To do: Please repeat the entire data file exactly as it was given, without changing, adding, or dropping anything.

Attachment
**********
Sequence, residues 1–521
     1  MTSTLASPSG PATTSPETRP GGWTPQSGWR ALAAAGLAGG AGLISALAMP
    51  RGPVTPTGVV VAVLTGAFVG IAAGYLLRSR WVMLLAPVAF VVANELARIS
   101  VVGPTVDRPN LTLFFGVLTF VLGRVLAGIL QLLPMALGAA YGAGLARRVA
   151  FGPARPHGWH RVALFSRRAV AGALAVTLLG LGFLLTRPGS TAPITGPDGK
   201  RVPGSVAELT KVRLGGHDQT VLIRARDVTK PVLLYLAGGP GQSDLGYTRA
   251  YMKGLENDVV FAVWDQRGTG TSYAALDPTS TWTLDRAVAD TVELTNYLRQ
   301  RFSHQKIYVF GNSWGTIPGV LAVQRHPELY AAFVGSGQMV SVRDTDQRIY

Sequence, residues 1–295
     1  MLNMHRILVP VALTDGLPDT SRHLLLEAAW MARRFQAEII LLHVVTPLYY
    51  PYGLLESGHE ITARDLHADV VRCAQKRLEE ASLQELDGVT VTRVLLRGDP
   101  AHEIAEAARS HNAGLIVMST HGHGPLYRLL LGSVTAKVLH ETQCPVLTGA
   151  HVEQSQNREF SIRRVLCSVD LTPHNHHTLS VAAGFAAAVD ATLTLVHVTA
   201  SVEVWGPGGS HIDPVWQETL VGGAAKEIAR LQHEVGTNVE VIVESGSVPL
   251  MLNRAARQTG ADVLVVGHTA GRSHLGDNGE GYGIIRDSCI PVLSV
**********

Sequence, residues 1–521
     1  MTSTLASPSG PATTSPETRP GGWTPQSGWR ALAAAGLAGG AGLISALAMP
    51  RGPVTPTGVV VAVLTGAFVG IAAGYLLRSR WVMLLAPVAF VVANELARIS
   101  VVGPTVDRPN LTLFFGVLTF VLGRVLAGIL QLLPMALGAA YGAGLARRVA
   151  FGPARPHGWH RVALFSRRAV AGALAVTLLG LGFLLTRPGS TAPITGPDGK
   201  RVPGSVAELT KVRLGGHDQT VLIRARDVTK PVLLYLAGGP GQSDLGYTRA
   251  YMKGLENDVV FAVWDQRGTG TSYAALDPTS TWTLDRAVAD TVELTNYLRQ
   301  RFSHQKIYVF GNSWGTIPGV LAVQRHPELY AAFVGSGQMV SVRDTDQRIY

Sequence, residues 1–295
     1  MLNMHRILVP VALTDGLPDT SRHLLLEAAW MARRFQAEII LLHVVTPLYY
    51  PYGLLESGHE ITARDLHADV VRCAQKRLEE ASLQELDGVT VTRVLLRGDP
   101  AHEIAEAARS HNAGLIVMST HGHGPLYRLL LGSVTAKVLH ETQCPVLTGA
   151  HVEQSQNREF SIRRVLCSVD LTPHNHHTLS VAAGFAAAVD ATLTLVHVTA
   201  SVEVWGPGGS HIDPVWQETL VGGAAKEIAR LQHEVGTNVE VIVESGSVPL
   251  MLNRAARQTG ADVLVVGHTA GRSHLGDNGE GYGIIRDSCI PVLSV